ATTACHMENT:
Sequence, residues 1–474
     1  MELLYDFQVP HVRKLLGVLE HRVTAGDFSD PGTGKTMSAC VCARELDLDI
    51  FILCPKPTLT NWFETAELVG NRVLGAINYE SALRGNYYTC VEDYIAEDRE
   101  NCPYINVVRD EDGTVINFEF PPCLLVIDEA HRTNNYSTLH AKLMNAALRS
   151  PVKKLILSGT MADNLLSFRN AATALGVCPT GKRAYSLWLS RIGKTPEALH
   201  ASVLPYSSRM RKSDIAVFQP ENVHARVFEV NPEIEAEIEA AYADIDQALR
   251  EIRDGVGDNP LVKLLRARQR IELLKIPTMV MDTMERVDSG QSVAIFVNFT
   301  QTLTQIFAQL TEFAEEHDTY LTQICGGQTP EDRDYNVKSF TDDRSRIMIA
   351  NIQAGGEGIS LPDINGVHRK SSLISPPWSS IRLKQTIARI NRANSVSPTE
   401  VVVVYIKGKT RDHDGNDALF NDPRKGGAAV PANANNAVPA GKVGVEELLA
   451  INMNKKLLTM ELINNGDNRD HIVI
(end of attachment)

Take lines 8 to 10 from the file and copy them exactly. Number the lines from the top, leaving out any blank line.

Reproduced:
   301  QTLTQIFAQL TEFAEEHDTY LTQICGGQTP EDRDYNVKSF TDDRSRIMIA
   351  NIQAGGEGIS LPDINGVHRK SSLISPPWSS IRLKQTIARI NRANSVSPTE
   401  VVVVYIKGKT RDHDGNDALF NDPRKGGAAV PANANNAVPA GKVGVEELLA